The presidential election of 1824 led to the election of John Quincy Adams as the President of the United States, but it also raised concerns over corrupt bargaining. According to votes accumulated by the Electoral College, presidential candidate Andrew Jackson was the first-place winner, securing 99 votes and taking a lead, albeit narrow, over Adams. Determining the race too close to call, Henry Clay, speaker of the House of Representatives, was tasked with selecting a winner; his decision to seat Adams in the White House sparked concerns of corruption and favoritism and was met with criticism and outrage.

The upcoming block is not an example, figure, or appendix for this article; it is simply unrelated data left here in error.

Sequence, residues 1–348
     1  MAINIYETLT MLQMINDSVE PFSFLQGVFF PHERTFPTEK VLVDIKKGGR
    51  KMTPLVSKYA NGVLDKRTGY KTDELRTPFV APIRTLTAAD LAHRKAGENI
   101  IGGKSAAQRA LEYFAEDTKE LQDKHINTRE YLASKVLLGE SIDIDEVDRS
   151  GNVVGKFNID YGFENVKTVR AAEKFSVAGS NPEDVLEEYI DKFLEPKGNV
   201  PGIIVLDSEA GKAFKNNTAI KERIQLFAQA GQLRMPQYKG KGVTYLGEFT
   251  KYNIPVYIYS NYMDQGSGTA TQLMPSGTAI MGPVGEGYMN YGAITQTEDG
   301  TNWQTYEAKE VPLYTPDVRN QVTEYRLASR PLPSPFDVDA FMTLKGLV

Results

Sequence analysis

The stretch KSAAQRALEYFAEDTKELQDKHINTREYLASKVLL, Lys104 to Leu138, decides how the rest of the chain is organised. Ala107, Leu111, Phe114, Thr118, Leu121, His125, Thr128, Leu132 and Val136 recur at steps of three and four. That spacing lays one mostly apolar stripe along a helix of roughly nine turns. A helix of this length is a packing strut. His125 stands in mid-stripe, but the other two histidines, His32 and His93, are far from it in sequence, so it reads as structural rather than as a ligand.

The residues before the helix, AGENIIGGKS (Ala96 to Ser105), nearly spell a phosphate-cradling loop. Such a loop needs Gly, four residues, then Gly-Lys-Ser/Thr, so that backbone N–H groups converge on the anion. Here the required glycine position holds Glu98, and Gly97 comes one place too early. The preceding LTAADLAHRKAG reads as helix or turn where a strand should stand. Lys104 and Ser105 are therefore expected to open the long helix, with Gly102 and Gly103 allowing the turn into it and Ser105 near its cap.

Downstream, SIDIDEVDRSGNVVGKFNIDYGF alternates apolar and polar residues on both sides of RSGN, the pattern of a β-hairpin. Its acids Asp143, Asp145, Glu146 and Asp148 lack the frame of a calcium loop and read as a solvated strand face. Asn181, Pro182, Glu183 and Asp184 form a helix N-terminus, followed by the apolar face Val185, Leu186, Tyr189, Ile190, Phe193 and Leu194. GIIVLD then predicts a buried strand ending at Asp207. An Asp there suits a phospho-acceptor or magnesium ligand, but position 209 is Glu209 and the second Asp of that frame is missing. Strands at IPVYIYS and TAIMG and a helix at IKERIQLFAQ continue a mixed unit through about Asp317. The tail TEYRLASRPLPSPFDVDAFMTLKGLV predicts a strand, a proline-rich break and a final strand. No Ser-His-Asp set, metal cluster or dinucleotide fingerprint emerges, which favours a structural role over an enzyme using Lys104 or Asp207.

Complicating the picture was the fact that speaker of the House of Representatives, Henry Clay, was also a presidential candidate in 1824. Clay, after the votes of Electoral College came in, was far from the lead in the race for president, securing a fourth-place finish. However, the task was left to him to choose a winner between the Adams and Jackson, who received nearly identical votes in the Electoral College. Although Jackson won by number, Clay ultimately selected Adams to take the White House and lead the nation. His announcement instantly drew criticism from opponents, as Clay was an outspoken critic of Jackson. His decision, dubbed the Adams-Clay alliance, was denounced as a corrupt bargain, leading to accusations of a corrupt political system characterized by insiders following their own interest, ignoring the American people in the process.